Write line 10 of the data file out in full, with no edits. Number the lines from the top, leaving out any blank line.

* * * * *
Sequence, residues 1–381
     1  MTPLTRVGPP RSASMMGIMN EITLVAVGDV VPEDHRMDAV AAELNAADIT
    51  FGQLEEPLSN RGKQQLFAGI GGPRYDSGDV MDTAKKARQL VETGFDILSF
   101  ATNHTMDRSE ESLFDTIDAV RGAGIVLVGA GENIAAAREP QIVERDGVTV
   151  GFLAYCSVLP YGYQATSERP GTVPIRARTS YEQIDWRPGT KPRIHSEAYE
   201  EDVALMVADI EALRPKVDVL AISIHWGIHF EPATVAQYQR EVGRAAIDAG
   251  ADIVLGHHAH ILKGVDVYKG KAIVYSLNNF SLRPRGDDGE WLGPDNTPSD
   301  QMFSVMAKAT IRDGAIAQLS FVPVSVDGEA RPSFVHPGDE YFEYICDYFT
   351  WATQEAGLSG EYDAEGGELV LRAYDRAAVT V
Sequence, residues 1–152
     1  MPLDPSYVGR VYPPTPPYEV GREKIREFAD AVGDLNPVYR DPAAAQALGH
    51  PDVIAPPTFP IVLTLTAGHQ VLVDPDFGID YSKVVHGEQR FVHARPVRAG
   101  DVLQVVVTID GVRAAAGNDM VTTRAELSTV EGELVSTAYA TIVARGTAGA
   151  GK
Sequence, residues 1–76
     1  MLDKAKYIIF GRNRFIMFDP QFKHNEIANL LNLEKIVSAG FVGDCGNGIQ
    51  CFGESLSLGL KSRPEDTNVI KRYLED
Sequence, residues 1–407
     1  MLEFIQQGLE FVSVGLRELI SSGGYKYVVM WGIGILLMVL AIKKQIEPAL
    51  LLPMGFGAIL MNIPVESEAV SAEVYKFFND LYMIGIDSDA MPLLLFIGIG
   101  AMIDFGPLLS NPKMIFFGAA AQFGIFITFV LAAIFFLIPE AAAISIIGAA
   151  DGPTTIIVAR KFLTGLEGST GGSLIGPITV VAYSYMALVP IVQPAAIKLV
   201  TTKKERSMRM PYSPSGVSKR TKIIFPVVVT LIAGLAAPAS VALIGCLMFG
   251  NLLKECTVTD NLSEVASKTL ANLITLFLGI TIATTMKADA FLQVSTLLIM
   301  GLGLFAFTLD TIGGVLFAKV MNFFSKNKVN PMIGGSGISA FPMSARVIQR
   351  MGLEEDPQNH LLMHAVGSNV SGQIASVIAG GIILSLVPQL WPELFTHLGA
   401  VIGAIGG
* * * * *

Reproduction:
Sequence, residues 1–152